mental health awareness month
I was in college when I saw a therapist for the first time. Up until that point, I thought everyone lived with what I can only describe as aggressive butterflies in your chest. I’m not sure why it never crossed my mind that it wasn’t normal but one day I walked into the health center and the counselor took one look at my form and said, “so you have anxiety?”
Oh. Is that what that is??
After that I began medication and joined a group therapy and simply having a name what was happening gave me control over it.
Flash forward a few years (post graduation where mental healthcare was no longer included in tuition!) and I decided it was time to start seeing a counselor again. We had had our first miscarriage and I specifically looked for a counselor who had experience with infertility. A few days before my first appointment I found out we were pregnant again and I almost canceled. I’m so glad I didn’t because we lost the baby a few weeks later and I’ve been going to my counselor every few weeks ever since then.
After Lainey’s NICU stay, my counselor and I decided it was time to begin medication again. During her stay I was in survival mode, so most of these symptoms popped up after we got home. I went to see a psychiatrist who diagnosed me with PTSD and OCD. I had pretty much guessed the PTSD but the OCD really surprised me. I’ve never been one to count steps or turn the lights off and on a certain number of times. He explained that compulsions could manifest in checking Lainey’s breathing obsessively or not being able to sleep because I was afraid a painting above Lainey’s bed would fall on her. With those compulsions, I couldn’t rest until we did something about it. With medication I still get those compulsions but I can put a name to them and recognize that I don’t need to act on them.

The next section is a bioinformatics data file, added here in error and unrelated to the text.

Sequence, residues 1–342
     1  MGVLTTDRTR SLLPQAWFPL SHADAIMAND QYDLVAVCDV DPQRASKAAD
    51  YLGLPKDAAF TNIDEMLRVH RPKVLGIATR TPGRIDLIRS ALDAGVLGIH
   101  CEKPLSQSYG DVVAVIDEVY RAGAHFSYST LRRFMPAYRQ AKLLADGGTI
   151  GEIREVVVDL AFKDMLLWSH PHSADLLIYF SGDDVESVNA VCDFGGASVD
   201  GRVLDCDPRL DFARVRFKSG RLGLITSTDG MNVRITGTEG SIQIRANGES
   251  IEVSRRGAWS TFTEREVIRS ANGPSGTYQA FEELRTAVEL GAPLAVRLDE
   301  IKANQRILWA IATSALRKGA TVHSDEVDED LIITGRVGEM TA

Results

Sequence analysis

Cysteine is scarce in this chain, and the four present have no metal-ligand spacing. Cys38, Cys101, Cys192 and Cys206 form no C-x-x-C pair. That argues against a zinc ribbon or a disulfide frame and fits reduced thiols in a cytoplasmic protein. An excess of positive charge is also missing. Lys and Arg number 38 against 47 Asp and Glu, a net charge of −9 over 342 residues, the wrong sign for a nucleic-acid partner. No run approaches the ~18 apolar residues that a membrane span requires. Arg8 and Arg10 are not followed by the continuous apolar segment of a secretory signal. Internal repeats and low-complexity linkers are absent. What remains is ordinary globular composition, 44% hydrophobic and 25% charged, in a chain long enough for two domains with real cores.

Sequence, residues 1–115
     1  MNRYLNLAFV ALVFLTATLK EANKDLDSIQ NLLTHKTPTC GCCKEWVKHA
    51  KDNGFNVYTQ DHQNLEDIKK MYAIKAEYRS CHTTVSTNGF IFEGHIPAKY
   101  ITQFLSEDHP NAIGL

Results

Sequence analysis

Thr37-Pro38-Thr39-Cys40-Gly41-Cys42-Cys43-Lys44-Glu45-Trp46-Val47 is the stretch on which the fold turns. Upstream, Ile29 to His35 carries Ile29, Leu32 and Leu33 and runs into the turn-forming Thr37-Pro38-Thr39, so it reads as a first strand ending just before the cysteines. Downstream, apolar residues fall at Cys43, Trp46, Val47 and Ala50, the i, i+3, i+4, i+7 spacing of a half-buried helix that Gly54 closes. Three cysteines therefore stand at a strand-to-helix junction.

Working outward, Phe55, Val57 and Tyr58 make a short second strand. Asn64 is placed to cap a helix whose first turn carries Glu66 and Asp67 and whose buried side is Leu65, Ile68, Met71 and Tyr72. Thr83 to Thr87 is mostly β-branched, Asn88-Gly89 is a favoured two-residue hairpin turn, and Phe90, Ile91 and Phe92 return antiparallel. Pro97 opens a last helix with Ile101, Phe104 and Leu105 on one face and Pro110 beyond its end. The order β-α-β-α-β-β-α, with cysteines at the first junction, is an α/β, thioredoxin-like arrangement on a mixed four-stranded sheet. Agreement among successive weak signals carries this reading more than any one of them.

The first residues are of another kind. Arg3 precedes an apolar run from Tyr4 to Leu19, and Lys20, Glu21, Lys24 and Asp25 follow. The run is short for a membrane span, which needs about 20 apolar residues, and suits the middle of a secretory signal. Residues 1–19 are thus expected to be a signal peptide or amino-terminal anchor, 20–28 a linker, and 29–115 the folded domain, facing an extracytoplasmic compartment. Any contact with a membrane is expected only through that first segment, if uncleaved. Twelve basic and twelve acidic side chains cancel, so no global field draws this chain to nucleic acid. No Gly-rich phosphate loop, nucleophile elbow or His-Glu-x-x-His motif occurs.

Medication means we don’t have to rearrange Lainey’s room just in case a driver drives through the front of our house.
Medication means Bryan is still alive even if he doesn’t answer his phone.
Medication means that the other shoe isn’t necessarily going to drop (though often it does, and that’s ok too).
Moral of the story, taking care of your mental health is so important. For some that looks like counseling and medication. For others it might be exercise, meditation, prayer, journaling. Do what you need to do and don’t be ashamed.
Also, I realize that mental healthcare is a luxury which is ridiculous. Because of that you never know what someone is dealing with on their own so be kind to people regardless of how they treat you.